Faculty of Social Sciences
School of Social, Historical and Political Studies
Direct line: 01902 321422
Faculty of Social Sciences
University of Wolverhampton
Mary Seacole Building
I previously held academic posts at Gallaudet University, UCL and University of Bristol. I am currently in receipt of a Spencer Foundation grant with my colleague Dr Gene Mirus for the project "The development of Deaf legal discourse", which examines the use of ASL by Deaf lawyers.
I have explored (with Drs. Robert Adam and Breda Carty) Deaf people working as translators and interpreters within the Deaf community and at the institutional interface. I have also studied Deaf/nonDeaf interpreting teams in international conference settings with Dr. Debra Russell examining team strategies and use of depiction. My first postdoctoral research post was based at the Deafness Cognition and Language (DCAL) research centre, University College, London, undertaking a longitudinal study examining predictors for sign language learning and sign language interpreter aptitude. I earned my PhD from the University of Bristol (2006) where I researched Deaf translators working within television news rendering English into British Sign Language, which resulted in the publication of Towards a Deaf Translation Norm (Gallaudet University Press 2009).
Interpreting work: various regional, national and international work including, BBC News 24, British Deaf Association, European Union of the Deaf, World Federation of the Deaf, EU Parliament, EU Commission, Council of Europe, UN
My research covers a variety of areas within Interpreting Studies, ethnography, language and cognition. My most recent work covers the areas described below:
The Development of Deaf legal discourse: documenting the emergence of specialized vocabulary in ASL, its linguistic features and looking at the process in which specialized signs come to fruition. An informed understanding of deaf American lawyers’ development and use of specialized terminology in ASL is crucial to building solutions which are needed to address the gap in the linguistic repertoire sign for deaf law students, deaf communities and the sign language interpreters who serve them.
Systemic influence and the ruling relations of interpreting: exploring the invisible work of interpreters within and without the language-event. Applying an Institutional Ethnographic lens the work of interpreters to identify the policies and texts that coordinate the work of interpreters within different institutional settings (e.g. education, the police, courts).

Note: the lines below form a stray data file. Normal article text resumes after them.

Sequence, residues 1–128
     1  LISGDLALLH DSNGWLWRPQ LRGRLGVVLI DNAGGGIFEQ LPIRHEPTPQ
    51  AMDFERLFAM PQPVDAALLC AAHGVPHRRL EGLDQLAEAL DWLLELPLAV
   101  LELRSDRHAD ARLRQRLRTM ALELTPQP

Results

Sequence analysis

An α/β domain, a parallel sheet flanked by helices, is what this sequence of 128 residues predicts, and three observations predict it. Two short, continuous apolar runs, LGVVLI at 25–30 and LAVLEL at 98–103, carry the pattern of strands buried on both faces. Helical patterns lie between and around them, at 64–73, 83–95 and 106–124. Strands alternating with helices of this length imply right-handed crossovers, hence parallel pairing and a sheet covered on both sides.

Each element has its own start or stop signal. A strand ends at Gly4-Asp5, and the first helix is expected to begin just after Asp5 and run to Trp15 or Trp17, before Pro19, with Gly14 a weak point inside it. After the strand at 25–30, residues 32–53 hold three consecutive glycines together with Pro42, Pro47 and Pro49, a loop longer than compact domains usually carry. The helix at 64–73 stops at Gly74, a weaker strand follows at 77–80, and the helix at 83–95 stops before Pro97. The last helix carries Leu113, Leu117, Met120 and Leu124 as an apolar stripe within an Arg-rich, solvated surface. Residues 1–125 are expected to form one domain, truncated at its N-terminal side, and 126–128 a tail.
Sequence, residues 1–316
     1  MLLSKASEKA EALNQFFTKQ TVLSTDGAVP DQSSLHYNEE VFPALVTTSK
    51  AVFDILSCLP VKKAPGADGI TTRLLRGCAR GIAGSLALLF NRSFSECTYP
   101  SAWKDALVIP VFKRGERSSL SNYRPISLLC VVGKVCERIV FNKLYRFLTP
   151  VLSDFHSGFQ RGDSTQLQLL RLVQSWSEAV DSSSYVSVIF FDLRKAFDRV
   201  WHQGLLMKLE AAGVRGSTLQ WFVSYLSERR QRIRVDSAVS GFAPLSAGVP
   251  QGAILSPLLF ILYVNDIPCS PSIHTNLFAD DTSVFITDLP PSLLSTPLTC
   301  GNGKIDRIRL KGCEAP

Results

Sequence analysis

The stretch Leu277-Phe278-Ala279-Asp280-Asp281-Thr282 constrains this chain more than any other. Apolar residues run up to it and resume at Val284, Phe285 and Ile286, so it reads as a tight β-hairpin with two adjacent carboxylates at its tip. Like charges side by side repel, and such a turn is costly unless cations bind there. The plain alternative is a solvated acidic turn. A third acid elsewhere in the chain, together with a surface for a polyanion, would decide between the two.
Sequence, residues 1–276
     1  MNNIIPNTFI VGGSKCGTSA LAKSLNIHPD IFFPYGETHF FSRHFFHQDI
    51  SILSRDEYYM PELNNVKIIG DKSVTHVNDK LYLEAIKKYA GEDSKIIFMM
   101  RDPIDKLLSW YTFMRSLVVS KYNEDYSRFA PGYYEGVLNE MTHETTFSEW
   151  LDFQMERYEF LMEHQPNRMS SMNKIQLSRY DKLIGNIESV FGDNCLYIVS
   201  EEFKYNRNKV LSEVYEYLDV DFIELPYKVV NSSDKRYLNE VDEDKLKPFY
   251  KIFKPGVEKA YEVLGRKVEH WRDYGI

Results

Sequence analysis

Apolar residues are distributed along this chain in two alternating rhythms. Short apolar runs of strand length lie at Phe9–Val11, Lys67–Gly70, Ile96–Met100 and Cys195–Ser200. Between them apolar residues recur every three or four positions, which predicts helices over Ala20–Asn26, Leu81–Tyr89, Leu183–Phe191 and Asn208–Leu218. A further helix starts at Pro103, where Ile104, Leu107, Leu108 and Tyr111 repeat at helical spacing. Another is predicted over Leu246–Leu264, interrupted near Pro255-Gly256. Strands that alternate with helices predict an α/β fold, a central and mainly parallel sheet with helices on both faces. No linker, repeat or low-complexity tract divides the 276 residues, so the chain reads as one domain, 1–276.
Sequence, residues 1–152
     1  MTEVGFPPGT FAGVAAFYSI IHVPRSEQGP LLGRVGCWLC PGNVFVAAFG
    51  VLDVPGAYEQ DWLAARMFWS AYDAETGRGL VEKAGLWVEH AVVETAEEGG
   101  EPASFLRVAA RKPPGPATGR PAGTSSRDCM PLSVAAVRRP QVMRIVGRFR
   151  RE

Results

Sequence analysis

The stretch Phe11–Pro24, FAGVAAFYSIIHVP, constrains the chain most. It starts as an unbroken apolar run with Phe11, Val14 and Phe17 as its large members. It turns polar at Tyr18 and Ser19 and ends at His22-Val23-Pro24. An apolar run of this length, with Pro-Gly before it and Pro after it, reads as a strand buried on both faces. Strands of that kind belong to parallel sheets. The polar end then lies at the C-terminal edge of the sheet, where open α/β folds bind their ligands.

Deaf interpreters: exploring the translation style(s) adopted by Deaf interpreters as community members. Identifying the role of community membership in the types of pragmatic enrichments and impoverishments (following Relevance Theory) that occur between the source and target language by analysing the accounts of Deaf interpreters. Also identifying the emergent political acts of reclamation and post-colonial defiance when interpreting mainstream news broadcast for a minority language audience.
Deaf and hearing interpreting teams: exploring accounts and examining the work of interpreting teams to describe and understand effective co-working strategies. This includes the role of pausing, non-manual markers, prosody of pivot and final rendered language, and the team dynamics within the language-work event and the macro team-work.
Interpreter aptitude: examining the foundational and developmental cognitive skills of interpreters in university training compared with expert interpreters (who are university graduates). Specifically looking at L2 phonological development, working memory, set shifting, grammaticality judgements and L1 fluency.
Stone C and West D (2012). Translation, representation and the Deaf 'voice'. Qualitative Research, 12 (6), 645-665. doi: 10.1177/1468794111433087.
Adam R, Carty B, Stone C (2011). Ghostwriting: Deaf translators within the Deaf Community. Babel, 57(4), 375–393.